To be a personal trainer you need Level 3 Personal trainer. Although YMCA fit do this the course isn't much cop. You'd be better going through Premier Training or ACSM.

If you're looking to do a boot camp kinda B&B then it would be worthwhile doing the YMCA Level 3 Nutrition and Weight Management. However if you do a personal training qualification it is covered within that.

If you are looking to teach exercise classes then it is worthwhile doing the Exercise to Music Award. Again yocan do this through YMCA. This will give you a good underpinning kowledge of choreography etc and on some courses like Les Mills body attack is a pre-requisit. But if you have this and go onto courses to teach spinning/aqua aerobics etc etc it will just make your life a whole lot easier.

If you want to go down the specialist populations route like I have then you need the Wright Foundation GP Referral Award. They have a website. If you want to specialise even more I have done the BACR Phase IV cardiac rehabilitation which means i can work with those that have had heart surgery.

Last place to look at is the Register of Exercise Professionals. When you qualify in anything you register with them cos it makes you look good to prospective clients and you can get insurance through them. But also on their website you can search for courses and see what training providers there are for that course. Saves you googling and googling and googling.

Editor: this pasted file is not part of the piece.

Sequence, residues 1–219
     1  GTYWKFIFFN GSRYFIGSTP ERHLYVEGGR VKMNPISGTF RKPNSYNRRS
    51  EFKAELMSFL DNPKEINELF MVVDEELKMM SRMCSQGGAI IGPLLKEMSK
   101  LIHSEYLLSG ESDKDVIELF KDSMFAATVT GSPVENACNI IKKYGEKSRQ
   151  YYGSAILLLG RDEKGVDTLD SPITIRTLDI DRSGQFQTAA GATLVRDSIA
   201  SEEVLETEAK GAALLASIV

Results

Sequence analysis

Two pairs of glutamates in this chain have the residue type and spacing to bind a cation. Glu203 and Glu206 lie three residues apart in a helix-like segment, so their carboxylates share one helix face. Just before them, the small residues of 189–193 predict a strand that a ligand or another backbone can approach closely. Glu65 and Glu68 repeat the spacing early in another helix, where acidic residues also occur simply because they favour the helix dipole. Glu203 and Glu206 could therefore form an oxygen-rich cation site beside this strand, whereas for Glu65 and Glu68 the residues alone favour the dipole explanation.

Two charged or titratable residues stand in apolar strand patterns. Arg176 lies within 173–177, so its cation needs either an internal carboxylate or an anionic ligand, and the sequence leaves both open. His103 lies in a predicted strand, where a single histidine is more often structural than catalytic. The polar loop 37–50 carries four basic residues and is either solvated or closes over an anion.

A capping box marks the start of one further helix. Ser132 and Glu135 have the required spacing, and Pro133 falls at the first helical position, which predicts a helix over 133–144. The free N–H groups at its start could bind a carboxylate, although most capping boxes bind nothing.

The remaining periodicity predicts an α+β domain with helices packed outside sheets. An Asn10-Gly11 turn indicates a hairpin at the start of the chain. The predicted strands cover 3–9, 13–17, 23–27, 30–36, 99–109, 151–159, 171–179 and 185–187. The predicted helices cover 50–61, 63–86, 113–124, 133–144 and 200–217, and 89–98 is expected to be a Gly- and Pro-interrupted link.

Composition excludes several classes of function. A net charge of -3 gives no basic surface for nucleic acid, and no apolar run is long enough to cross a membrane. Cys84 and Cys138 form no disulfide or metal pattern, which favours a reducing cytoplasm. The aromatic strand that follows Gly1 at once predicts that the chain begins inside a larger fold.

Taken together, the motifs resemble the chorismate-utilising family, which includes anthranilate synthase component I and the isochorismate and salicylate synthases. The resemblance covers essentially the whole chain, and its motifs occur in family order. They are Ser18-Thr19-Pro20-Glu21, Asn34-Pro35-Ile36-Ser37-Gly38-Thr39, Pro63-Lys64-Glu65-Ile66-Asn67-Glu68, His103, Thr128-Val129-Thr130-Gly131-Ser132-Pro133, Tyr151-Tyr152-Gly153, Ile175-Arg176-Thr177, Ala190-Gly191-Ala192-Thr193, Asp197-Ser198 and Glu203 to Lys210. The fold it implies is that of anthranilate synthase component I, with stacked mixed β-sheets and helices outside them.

A word to the wise the fitness industry has crap hours, if you work in the private sector (like i did) the pay is not much more than minimum wage. But if you go into personal training you can really rake it in!

And last of all is good luck!

June2009 Tue 24-May-11 21:54:41

thanks melliebobs lots of info here!

Sorry for highjacking the thread...
I'm looking into the Les Mills FitPro Groupex Award, they say it combines the CYQ Level 2 Certificate in Fitness Instructing Exercise to Music with the Les Mills teaching certificate.
but I am wondering whether it would not be better to do a CYQ level2 Certificate or YMCA equivalent (whatever that is, do you know?) because that might be more widely recognised than a Fitpro Groupex Award.
May i ask you what you think about that?

melliebobs Wed 25-May-11 07:30:10

me and my friends were talking about this the other day and we're reconning the way it's goin that ETM is on it's way out with the overtaking of LesMills classes in centres. If the FirPro award has the Level to ETM within it then i'd possibly do that. The only possible negative i can think of is that with it being done through Les Mills is that it will be taylored to you teaching their classes and routines, where as the ymca one or whatever is done so you can go out there and make your own stuff up!

Also YMCA and CYQ are just the awarding bodies. The course content will be the same.

June2009 Wed 25-May-11 10:21:55

That's really interesting thanks mellie.
I want to book the fitpro award towards the end of this year, still considering it, got some paperwork from future fit. The personal trainer course is like 3k which I would like to do but totally can't afford.

melliebobs Wed 25-May-11 10:25:29

I know it's so expensive. Luckily work payed for my level 2 fitness instructor that I'm guessing would be about £500. I paid for my go referral and that was £600 and I had to pay for my bacr another £650. It's a joke how expensive these awards are considering how poor the pay is in the fitness industry. Nhs ain't that bad you need the stuff before hand!